On my time off, I choose to peacefully graze English bookshops with seemingly boundless time, searching for the next page-turning jewel to curl up with. In the past 13 months, I have forced myself to write, even when I don’t want to, for multiple reasons. One, I deeply regret not writing when I traveled through 10 countries in Europe. Two, I want a time capsule and reflection on my cultural/educational experiences while here. Three, I don’t want to have to explain this to all of you when I get home! Just checking that you are still paying attention ^^
Here are some of my recent reads. I would highly recommend reading A Single Shard, The Bookseller from Kabul and A Gesture Life. These three changed my heart in different ways, each written with depth of characters and range in diction. A Gesture Life is an incredibly introspective portrait of an ethnic Korean man who was raised and fought for Japan, but lives most of his life as an immigrant in the USA. I liked this one best.
9) Restaurant Etiquette
Dining at a traditional Korean restaurant is an experience in and of itself. It is freakin’ awesome for so many reasons!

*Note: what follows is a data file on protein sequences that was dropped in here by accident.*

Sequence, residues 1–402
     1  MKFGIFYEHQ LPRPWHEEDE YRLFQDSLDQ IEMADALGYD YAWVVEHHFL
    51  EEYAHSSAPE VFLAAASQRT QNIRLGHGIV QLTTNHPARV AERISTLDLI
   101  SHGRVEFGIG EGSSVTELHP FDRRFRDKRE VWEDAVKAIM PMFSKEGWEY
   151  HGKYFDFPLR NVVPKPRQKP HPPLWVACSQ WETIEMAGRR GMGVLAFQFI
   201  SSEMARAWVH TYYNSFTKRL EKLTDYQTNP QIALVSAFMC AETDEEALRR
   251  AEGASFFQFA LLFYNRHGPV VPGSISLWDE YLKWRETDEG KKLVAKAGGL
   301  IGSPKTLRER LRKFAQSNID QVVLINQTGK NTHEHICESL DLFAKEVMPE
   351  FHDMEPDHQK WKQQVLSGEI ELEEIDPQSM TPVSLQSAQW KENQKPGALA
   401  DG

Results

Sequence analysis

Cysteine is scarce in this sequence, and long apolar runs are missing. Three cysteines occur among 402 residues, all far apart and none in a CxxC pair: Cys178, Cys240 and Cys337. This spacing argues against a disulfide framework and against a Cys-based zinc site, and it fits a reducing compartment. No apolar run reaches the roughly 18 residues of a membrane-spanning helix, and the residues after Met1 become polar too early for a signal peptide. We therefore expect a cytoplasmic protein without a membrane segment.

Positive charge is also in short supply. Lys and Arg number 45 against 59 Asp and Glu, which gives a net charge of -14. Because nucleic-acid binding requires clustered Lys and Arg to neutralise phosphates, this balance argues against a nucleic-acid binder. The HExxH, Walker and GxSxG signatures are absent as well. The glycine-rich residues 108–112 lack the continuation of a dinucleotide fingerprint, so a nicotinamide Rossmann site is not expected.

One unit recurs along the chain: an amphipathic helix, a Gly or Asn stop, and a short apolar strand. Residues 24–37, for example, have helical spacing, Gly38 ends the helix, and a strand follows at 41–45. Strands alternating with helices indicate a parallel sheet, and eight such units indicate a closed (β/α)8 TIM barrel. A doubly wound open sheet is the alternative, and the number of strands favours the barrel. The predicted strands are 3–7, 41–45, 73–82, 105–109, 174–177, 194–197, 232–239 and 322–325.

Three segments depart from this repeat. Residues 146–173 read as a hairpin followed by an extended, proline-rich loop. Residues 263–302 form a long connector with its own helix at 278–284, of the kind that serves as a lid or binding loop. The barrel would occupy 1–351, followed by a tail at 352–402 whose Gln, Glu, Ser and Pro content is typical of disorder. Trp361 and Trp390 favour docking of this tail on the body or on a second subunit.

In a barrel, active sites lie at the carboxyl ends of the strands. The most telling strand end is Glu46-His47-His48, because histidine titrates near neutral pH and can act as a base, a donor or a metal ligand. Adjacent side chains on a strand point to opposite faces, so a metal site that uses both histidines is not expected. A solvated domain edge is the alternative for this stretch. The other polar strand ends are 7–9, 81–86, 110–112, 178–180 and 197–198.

First, it is cheap- a dinner time meal, where afterwards you may have to be gluttonously rolled out the front door like Violet from Willy Wonka and the Chocolate Factory because you are so full, can cost as little as $8 per person (alcohol included). No tip. No tax.
Second, with every meal comes banchan (side dishes) with as many refills as you desire. The side dishes vary at each establishment, but can include kimchi, seaweed, soup, fish, pickled radishes, bean sprouts, etc. This way if you still want to go out with friends, but don’t have the cash or you just want to drink and not eat, you can still nibble on something at the table.
Third, everyone shares everything. At first I thought I wouldn’t like this because I am very territorial over my food, but I LOVE this tradition because you get to try so many different dishes at once and there is no awkwardness or need to ask others if you can do so.